Today should be one of the worst days of seventeen-year-old Hadley Sullivan's life. She's stuck at JFK, late to her father's second wedding, which is taking place in London and involves a soon to be step-mother that Hadley's never even met. Then she meets the perfect boy in the airport's cramped waiting area. His name is Oliver, he's British, and he's in seat 18C. Hadley's in 18A.
Twists of fate and quirks of timing play out in this thoughtful novel about family connections, second chances and first loves. Set over a 24-hour-period, Hadley and Oliver's story will make you believe that true love finds you when you're least expecting it.
What a lovely little book.
I had heard many good things about Jennifer E. Smith's debut novel The Statistical Probability of Love at First Sight before it finally made its way to me. So I was glad when I finally received notice that it was available at the library. It's not a very long book just over 230 pages and it took me no time to get it done. It really was a pleasure to read.
I love contemporary novels. They make me happy, and after reading The Statistical Probability of Love at First Sight, I was reminded of just how much I love them and why.
The story begins with Hadley (I just love her name), she's on her way to her father's wedding in London. A wedding that she does not want to be attending. Hadley is feeling incredibly emotional and dealing with a lot of things when she arrives at the airport- Anxiety over the wedding and guilt over a fight she's just had with her mother. So when she realizes she's missed her flight to London and is at risk of missing her father's wedding she's miserable.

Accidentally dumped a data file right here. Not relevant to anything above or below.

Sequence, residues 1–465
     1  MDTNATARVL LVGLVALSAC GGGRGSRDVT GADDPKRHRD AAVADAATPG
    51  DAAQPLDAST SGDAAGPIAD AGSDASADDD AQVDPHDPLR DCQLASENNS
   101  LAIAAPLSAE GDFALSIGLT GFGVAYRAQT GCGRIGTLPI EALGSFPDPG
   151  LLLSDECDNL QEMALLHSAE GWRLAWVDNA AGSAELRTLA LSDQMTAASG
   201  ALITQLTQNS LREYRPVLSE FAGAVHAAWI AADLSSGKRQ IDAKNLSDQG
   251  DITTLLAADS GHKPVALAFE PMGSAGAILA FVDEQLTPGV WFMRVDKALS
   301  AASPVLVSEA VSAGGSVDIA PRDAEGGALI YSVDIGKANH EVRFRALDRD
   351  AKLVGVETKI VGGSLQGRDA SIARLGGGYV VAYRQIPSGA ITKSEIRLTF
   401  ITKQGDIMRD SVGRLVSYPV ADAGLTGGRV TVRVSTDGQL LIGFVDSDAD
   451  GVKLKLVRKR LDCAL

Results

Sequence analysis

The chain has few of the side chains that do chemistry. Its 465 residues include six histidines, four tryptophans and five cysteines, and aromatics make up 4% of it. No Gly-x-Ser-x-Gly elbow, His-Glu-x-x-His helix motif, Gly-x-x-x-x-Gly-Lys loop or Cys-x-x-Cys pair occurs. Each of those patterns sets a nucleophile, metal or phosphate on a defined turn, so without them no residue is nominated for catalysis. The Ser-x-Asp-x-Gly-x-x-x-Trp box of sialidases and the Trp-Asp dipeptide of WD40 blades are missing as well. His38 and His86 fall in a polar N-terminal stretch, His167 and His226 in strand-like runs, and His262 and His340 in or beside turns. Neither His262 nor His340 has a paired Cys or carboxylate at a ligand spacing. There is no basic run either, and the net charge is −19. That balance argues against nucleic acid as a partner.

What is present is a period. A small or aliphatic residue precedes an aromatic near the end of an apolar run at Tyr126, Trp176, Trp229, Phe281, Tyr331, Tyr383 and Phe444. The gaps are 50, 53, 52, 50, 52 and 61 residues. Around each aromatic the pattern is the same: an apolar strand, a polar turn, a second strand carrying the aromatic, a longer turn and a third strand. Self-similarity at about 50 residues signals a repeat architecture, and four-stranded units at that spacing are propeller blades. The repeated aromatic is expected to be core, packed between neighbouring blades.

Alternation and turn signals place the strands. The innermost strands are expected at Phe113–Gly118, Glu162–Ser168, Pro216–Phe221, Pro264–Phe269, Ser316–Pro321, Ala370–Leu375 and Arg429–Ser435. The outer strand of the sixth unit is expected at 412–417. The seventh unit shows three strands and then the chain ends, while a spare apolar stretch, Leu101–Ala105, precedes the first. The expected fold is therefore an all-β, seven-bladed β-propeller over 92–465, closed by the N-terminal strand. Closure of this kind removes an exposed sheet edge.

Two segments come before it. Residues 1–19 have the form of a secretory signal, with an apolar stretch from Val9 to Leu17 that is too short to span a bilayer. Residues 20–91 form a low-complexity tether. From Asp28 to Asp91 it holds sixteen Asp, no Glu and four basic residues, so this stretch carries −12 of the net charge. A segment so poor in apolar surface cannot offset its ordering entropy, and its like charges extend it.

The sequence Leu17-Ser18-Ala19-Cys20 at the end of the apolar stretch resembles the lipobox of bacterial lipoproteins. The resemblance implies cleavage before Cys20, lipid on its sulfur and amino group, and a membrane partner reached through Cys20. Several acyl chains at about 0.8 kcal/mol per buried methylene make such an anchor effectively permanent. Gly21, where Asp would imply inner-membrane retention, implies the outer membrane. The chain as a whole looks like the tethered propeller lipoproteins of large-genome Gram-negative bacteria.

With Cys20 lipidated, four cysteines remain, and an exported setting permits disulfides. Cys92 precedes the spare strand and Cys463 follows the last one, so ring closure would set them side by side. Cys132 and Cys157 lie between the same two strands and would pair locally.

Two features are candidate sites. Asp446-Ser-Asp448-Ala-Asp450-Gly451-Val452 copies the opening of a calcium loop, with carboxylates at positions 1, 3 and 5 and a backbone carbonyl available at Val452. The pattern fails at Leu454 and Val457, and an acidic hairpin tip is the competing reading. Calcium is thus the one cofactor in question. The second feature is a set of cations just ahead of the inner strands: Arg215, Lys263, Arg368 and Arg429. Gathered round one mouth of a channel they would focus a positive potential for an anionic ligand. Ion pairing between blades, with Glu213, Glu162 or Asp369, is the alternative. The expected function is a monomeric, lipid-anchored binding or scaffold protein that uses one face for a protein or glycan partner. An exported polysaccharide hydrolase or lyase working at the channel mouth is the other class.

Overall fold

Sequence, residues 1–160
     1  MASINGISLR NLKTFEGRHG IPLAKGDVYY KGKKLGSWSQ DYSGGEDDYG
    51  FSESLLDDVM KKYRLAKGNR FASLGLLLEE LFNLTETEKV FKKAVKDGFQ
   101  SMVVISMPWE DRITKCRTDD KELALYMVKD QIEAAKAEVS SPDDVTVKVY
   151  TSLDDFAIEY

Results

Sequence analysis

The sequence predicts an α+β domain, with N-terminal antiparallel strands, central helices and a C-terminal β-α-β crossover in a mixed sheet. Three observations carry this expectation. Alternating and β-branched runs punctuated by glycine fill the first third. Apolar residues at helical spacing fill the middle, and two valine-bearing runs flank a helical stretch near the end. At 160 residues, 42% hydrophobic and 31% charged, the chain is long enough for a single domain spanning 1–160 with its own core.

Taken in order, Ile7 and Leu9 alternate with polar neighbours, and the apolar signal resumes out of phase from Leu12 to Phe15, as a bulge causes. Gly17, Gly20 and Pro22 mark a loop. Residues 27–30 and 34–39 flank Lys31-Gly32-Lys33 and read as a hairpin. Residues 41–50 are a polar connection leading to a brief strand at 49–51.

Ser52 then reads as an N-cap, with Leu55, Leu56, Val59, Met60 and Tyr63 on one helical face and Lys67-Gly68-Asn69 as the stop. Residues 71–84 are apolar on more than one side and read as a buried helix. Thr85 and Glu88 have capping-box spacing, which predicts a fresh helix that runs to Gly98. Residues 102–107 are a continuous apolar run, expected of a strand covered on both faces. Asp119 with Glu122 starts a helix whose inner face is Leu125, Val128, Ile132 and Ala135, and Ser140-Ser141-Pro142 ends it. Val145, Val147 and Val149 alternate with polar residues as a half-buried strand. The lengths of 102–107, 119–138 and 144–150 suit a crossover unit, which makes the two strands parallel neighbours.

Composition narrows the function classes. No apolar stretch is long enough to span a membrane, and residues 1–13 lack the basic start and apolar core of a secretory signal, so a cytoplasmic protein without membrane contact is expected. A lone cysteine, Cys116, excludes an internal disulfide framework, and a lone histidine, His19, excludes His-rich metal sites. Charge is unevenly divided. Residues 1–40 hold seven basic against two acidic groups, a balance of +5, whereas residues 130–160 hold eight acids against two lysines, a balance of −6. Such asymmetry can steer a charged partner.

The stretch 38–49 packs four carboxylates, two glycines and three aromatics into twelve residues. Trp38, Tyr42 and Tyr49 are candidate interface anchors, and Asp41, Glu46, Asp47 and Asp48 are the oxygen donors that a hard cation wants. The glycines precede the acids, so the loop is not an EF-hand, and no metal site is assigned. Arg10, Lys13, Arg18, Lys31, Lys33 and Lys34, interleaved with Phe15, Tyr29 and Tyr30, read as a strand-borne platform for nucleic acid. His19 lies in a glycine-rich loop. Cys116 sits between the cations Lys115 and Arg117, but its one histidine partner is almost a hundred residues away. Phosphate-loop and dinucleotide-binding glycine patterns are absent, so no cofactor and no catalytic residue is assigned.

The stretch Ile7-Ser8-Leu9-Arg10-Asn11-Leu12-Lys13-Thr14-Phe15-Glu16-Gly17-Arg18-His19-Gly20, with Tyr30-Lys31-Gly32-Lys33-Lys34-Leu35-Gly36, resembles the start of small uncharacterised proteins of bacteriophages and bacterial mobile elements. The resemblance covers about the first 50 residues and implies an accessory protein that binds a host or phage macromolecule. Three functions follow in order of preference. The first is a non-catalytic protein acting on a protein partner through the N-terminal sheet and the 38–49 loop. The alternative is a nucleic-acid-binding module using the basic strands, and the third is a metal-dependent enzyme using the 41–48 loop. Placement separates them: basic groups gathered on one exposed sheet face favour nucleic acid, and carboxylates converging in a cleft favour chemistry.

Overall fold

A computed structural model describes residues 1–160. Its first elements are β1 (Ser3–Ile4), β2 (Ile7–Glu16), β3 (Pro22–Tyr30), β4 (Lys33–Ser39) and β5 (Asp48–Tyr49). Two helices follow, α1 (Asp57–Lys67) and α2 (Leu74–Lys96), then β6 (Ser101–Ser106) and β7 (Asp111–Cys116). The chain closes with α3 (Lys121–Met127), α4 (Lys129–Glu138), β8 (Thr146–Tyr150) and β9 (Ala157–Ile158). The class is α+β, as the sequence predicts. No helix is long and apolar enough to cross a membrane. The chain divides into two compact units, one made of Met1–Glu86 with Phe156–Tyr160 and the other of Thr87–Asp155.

It is at this time that we meet Oliver. Oh Oliver. Sweet, funny, sensitive Oliver, he was seated next to Hadley on the seven hour journey to London and he's exactly what Hadley needed to get through the flight and be at her father's wedding. Oh Oliver. In case you didn't notice I rather liked Oliver. He was a great character. And I really loved the conversations that took place between the two.
What made me appreciate this book more than anything was that it wasn't just about the romance between Oliver and Hadley. It was also about the relationship Hadley has with her father. It was broken and in much need of repair. Hadley hadn't yet forgiven her father for leaving her mother and inadvertently leaving her as well. She feels like he has this new life that she doesn't fit into. I could feel Hadley's confusion in this book. Her desire to have her father be a part of her life and her be a part of his, the anger she felt toward him and the resentment she felt toward his new wife. There was a plethora of emotions filtering this book and every single one of them I could sympathize with. Oliver was also dealing with issues that we do not discover until later in the story (I don't want to spoil). All his conflicting feelings were well written as well, and I could understand why he did/said some of the things he did.
I really liked how Smith was able to incorporate the wicked cute romance of Hadley and Oliver with dysfunctional family dynamics. I loved how Hadley and Oliver were able to garner strength from one another's situations and emotions. I like when books do that. When the story is about more than just the romance makes is a stronger book (in my opinion). That is what I found it The Statistical Probability of Love at First Sight. A wonderfully written tale about forgiveness and growth and more than romance.